Boston-based Quickbase is one of the top low-code platforms in the world. After spinning out of Intuit in 2019, Quickbase’s new CMO brought Alloy in to build the company’s brand awareness as part of its go-to-market strategy to penetrate the enterprise tech space.
Quickbase’s business application development platform helps enterprises achieve operational agility, freeing them up to flex and evolve by safely connecting people, information and ideas and moving beyond the confines of traditional software development. With digital transformation efforts accelerating across enterprises, Quickbase’s solution was timely, but loud, aggressive competitors, including tech giant Microsoft, meant permeating the market would be difficult.
With limited word-of-mouth recognition, Quickbase aimed to grow its presence among enterprise and mid-market prospects while gaining endorsements from IT leaders. Alloy designed a strategic media relations program to reach these core audiences and elevate perception of the brand among IT influencers and buyers.
We started our program by announcing Quickbase’s acquisition of Cloudpipes, a leading cloud-based integration and automation platform, which improved Quickbase’s ability to integrate with a multitude of enterprise technologies. We landed coverage in The Wall Street Journal, Forbes, Fortune, SDTimes and more, paving the way for a successful public relations program that ultimately resulted in increased adoption, improved perception, and influencer validation.
In the aftermath of the disastrous 2020 Iowa Caucus, Quickbase faced major risk to brand reputation when online commentary mistakenly cited Quickbase as the official app used to report caucus results.
We provided immediate crisis counsel to help Quickbase devise a multichannel response, while also providing by-the-hour crisis monitoring. The plan worked — the rumors didn’t spread into mainstream media and there was no long-term impact to brand reputation. Following this situation, we also equipped Quickbase with a thorough crisis response strategy detailing communications processes and standards should a crisis situation ever arise again.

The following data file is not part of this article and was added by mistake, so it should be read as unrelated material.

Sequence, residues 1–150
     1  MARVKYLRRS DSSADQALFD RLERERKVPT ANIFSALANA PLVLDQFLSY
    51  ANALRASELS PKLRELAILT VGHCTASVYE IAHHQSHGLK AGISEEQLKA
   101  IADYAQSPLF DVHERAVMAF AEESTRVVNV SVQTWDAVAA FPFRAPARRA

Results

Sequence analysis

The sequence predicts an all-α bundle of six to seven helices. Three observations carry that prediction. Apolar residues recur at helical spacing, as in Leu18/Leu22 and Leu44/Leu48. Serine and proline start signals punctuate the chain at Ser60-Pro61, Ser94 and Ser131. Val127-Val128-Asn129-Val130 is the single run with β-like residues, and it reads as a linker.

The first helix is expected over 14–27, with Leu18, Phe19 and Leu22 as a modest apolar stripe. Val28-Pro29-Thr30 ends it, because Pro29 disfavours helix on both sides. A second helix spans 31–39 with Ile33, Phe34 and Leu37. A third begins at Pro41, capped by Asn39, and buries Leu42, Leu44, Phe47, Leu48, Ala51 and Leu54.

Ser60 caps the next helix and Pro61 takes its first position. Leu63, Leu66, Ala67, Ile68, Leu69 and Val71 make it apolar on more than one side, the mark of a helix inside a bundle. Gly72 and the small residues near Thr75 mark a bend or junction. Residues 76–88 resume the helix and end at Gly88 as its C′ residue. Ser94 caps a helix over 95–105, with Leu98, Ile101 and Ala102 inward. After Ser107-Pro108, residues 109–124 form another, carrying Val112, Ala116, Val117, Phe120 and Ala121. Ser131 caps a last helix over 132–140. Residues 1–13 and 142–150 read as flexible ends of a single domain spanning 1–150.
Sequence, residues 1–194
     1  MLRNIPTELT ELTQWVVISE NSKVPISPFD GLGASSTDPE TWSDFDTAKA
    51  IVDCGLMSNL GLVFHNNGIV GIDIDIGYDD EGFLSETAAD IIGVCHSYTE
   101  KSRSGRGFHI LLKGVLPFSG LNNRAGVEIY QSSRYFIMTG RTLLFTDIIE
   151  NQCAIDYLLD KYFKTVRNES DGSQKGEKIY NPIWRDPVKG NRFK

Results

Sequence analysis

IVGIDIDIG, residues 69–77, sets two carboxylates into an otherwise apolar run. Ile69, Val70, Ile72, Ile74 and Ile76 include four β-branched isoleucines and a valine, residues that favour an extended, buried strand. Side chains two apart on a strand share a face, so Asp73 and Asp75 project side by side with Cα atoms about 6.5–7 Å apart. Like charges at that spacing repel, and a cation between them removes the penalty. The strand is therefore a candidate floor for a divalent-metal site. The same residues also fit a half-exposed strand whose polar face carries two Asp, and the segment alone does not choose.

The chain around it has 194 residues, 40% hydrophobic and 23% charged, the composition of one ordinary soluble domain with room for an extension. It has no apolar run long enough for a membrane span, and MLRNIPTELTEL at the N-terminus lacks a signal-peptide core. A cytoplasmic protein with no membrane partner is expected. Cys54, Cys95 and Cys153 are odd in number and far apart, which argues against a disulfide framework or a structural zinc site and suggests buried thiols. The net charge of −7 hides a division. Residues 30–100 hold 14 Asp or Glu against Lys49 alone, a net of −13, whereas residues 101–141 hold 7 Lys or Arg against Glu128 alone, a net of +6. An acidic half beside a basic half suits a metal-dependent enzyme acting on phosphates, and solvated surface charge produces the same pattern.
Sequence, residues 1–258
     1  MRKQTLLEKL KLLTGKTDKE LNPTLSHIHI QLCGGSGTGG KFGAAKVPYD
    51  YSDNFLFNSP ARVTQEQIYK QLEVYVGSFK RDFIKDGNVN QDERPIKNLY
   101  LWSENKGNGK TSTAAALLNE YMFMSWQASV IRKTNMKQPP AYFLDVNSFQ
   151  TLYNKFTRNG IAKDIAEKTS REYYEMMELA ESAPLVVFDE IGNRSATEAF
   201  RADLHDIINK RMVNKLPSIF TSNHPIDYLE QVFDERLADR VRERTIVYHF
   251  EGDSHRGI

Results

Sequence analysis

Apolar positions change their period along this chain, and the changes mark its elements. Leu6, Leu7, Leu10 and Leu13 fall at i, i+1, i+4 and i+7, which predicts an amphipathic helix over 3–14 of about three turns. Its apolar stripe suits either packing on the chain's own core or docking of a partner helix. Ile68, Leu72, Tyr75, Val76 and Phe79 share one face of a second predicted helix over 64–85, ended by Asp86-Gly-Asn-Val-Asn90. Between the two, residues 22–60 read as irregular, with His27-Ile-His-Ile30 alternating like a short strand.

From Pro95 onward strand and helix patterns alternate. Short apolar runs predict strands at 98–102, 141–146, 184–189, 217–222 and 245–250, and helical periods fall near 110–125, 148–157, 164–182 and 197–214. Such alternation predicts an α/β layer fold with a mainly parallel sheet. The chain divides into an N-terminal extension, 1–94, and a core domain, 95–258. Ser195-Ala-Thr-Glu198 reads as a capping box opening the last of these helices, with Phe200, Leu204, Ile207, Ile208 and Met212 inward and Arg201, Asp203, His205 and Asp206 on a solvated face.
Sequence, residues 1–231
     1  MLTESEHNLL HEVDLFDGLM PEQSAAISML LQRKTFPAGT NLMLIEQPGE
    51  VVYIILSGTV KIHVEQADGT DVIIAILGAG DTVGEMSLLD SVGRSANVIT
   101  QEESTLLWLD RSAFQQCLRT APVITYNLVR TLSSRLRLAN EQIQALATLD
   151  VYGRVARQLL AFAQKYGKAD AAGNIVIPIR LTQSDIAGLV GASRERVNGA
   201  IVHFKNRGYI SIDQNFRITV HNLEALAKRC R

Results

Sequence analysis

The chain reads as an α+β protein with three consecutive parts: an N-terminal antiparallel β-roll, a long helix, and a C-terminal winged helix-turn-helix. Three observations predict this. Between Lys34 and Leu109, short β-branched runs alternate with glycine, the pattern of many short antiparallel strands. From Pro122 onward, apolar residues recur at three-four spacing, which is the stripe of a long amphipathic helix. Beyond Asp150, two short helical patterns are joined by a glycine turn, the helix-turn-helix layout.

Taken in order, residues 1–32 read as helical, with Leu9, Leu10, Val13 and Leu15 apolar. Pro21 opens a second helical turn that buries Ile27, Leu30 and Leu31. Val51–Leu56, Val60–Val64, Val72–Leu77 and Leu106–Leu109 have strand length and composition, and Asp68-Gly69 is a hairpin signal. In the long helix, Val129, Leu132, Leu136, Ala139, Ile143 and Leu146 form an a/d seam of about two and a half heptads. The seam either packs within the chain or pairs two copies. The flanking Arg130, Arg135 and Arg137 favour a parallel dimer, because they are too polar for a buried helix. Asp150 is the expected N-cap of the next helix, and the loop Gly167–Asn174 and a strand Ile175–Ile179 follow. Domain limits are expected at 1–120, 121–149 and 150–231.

With a combination of thought leadership, data and announcements, Alloy propelled Quickbase into the low-code conversation, dominating competitors in a crowded market.
Thought leadership was a cornerstone of our awareness-building efforts for Quickbase, so it was critical that the subject matter experts we used were deeply immersed in the brand’s messaging and differentiators, and that they could concisely, compellingly answer reporter questions. We put Quickbase’s SMEs through our proprietary media training to help them stay on message, block and bridge, pay attention to non-verbal cues and ultimately become sought-after, quotable spokespeople.
Social media audit and persona
To drive the social media program, Alloy audited Quickbase’s brand channels, as well as social channels of internal influencers, competitors, aspirational brands and external influencers, to identify immediate opportunities and establish a clear path forward for the implementation of long-term social marketing strategies. The result was a social media persona unique to Quickbase — we called her Allison — an up-and-coming software engineer.
With low-code beginning to dominate media discussions and an aggressive field of competitors, newsjacking was a key part of our media strategy. Inserting Quickbase into existing conversations helped to establish the brand and position it alongside its well-established competitors. For example, when Microsoft launched Power Automate to automate repetitive tasks, we positioned Quickbase’s chief product and technology officer to discuss the launch as an indicator of robotic process automation and low-code adoption. The resulting Forbes article positioned Microsoft as “catching up” to advanced solutions like Quickbase.
“Alloy is by far the most strategic, creative, and data-driven firm I have ever worked with. Not sure what we would do without them.”— Shannon C., Sr. Manager of Content & Comms